Hickey, Jennifer G., Insight on the News
North Korea's missile-development program is in high gear and, with help from the Chinese and others, Pyongyang now may have missiles capable of striking Alaska and Hawaii.
George Tenet, director of the CIA, appeared before the Senate Armed Services Committee in early February to report on "current and projected national-security threats." Addressing the usual suspects -- Iran, Iraq, China, India and Pakistan -- Tenet spoke plainly about Pyongyang. "I can hardly overstate my concern about North Korea. In nearly all respects, the situation there has become more volatile and unpredictable," he warned.
A mere three weeks later, a report in the Washington Times detailed the sharing of space technology between communist China and North Korea, causing even greater concern in the intelligence community and among defense analysts. While noting that the report is nothing new because there has been "some solid reporting from the mid-1990s that North Korean engineers visited China in the early stages of its missile program," Richard Fisher, a defense analyst at the conservative Heritage Foundation in Washington, nonetheless sees the report as worrying.
"What concerns me the most is that what we are seeing is really the exponential growth of an organic relationship in which North Korea, China, Pakistan and Iran are either indirectly or directly sharing missile technology in ways that result in ever better North Korean and Iranian missiles," Fisher tells Insight.
But North Korea has been of concern to U.S. national-security agencies for decades. The long-term U.S. involvement in the Korean peninsula began on June 25, 1950, when the North, backed by the Stalinist Soviet Union, launched a full-scale invasion of the South. North Korea always had maintained that it crossed the 38th parallel solely because it had been provoked by the South, but Li Sancho, a North Korean ambassador to the Soviet Union, said Kim II Sung discussed plans to invade the South with Stalin and to use a border incident as a ruse.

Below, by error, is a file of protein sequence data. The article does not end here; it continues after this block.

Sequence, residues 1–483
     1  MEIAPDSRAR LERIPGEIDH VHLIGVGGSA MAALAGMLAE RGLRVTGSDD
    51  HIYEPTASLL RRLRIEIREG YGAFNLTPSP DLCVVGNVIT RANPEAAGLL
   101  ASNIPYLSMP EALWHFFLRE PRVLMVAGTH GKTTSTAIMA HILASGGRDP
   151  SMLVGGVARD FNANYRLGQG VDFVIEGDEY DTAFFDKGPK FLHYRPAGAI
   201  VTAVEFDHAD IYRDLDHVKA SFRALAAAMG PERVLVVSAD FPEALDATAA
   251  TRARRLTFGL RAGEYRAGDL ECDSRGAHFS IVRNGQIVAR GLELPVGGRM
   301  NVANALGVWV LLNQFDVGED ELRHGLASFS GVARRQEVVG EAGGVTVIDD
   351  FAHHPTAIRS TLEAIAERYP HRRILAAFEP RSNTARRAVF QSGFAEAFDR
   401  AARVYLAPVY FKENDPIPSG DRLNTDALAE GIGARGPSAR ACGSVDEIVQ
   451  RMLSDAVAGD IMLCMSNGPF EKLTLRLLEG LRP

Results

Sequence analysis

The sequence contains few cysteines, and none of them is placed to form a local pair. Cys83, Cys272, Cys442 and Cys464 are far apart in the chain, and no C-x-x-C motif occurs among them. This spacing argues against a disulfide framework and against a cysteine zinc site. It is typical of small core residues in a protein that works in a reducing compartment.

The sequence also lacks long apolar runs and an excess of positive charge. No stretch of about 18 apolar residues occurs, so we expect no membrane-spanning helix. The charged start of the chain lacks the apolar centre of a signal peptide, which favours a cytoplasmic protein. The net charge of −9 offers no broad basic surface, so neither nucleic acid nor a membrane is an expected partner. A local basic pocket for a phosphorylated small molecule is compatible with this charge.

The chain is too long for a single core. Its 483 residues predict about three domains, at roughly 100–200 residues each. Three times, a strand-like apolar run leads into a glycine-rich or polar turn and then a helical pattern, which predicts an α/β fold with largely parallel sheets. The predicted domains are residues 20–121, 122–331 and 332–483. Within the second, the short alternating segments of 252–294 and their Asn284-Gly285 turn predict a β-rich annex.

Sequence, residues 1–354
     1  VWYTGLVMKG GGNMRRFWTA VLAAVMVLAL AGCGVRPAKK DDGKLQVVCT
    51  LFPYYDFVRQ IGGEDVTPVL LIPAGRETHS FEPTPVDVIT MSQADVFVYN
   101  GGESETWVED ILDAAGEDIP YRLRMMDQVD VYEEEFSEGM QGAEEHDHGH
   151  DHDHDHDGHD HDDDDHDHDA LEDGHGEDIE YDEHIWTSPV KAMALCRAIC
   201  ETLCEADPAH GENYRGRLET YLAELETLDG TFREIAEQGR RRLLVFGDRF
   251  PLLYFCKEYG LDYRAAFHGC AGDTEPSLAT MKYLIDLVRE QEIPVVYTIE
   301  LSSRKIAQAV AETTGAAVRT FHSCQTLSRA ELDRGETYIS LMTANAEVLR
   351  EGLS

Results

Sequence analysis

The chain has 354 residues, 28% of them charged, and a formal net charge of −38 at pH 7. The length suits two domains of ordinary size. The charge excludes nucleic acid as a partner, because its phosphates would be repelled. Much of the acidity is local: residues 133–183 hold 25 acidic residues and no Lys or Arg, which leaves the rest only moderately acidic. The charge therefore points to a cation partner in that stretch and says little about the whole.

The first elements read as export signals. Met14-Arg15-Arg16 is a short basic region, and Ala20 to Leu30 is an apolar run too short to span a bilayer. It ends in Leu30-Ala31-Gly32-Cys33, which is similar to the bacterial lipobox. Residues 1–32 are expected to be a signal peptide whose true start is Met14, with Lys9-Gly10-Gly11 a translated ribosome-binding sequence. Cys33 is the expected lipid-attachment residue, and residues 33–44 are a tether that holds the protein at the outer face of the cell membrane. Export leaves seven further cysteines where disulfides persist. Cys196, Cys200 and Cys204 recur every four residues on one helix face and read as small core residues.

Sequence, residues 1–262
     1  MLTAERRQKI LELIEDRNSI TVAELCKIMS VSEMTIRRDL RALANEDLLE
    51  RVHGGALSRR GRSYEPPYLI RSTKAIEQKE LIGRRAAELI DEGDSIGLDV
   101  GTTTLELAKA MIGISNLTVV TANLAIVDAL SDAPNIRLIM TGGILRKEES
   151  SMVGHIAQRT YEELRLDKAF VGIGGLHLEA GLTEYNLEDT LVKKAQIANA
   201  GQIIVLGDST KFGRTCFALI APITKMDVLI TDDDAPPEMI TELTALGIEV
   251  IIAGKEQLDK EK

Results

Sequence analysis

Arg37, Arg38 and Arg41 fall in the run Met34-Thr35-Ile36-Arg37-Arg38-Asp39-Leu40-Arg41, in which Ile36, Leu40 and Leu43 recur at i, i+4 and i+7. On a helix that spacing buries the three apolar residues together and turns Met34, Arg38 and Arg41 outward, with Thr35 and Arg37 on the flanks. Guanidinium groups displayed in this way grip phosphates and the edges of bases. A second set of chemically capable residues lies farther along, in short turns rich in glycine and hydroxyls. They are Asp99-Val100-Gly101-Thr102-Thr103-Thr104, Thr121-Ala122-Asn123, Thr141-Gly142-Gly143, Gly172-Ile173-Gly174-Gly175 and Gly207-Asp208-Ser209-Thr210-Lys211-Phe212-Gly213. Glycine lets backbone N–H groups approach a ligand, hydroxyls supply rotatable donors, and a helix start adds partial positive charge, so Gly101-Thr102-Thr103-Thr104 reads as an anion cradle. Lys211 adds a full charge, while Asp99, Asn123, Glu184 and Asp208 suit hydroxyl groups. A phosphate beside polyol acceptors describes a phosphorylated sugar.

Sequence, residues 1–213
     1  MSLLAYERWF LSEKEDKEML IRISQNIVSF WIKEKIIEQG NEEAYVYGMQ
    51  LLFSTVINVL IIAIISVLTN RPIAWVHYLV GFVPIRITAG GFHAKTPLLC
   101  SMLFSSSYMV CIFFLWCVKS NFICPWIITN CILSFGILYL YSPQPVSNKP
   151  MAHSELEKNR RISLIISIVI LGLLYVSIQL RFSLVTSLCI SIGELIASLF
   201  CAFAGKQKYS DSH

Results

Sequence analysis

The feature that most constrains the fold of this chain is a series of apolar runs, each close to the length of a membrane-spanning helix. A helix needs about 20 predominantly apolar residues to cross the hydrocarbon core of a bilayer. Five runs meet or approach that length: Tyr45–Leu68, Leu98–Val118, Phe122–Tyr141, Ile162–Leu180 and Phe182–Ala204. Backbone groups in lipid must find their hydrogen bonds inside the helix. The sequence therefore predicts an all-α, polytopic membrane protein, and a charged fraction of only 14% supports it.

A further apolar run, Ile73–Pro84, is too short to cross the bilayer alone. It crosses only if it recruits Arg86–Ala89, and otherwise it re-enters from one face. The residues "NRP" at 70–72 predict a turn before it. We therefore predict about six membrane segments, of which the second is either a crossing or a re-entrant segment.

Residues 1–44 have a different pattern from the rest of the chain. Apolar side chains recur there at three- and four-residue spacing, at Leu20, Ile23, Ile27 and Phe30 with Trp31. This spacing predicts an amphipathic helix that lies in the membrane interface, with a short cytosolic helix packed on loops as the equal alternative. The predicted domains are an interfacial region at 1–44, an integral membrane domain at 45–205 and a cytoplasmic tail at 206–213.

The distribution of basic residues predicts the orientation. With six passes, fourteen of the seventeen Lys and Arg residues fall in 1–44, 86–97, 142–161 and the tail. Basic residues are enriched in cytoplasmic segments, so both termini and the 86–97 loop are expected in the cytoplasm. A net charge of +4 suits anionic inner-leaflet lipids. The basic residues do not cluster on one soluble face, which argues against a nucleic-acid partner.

The United States entered the war on the side of the South, fighting for the first time under the flag of the United Nations. By the time a cease-fire was signed on July 27, 1953, the lives of 54,248 Americans had been sacrificed, with 8,169 missing in action and 389 prisoners of war for whom there has been no accounting. No peace treaty ever has been signed.
Although the war lasted only three years, the North Koreans have continued for the last 45 years to engage in acts of aggression and terrorism ranging from hijacking a South Korean airliner in 1958 to plotting to assassinate South Korean President Chun Doo Hwan in 1982 and sending several hundred troops across the military demarcation line in 1996.
The desire of the North Koreans to challenge U.S. support for the South can be seen in its rigid dedication to building ballistic missiles with nuclear warheads. The profound impact of the threat posed by North Korea was felt Aug. 31, 1998, when the North Koreans attempted to launch a satellite on the Taepo Dong-1 ballistic missile. Shortly after the Japan Defense Agency received information about a possible test, Japan took precautionary steps by deploying ships with high-tech missile-detecting equipment to the Sea of Japan. While relatively unfazed by the launch itself, the agency was surprised by the missile's range. "We did not expect one of its missiles to reach the Pacific Ocean," an agency official told Japan's Daily Yomiuri.
U.S. officials were caught even more off-guard when they failed to detect plans to test the Taepo Dong-1. A Dec. 8, 1998, speech by Robert Walpole, national intelligence officer for strategic and nuclear programs, expressed the shock of defense officials in the United States. "Although the North Koreans failed to place their satellite into orbit," conceded Walpole, "they tested some important aspects of ICBM development and flight ... …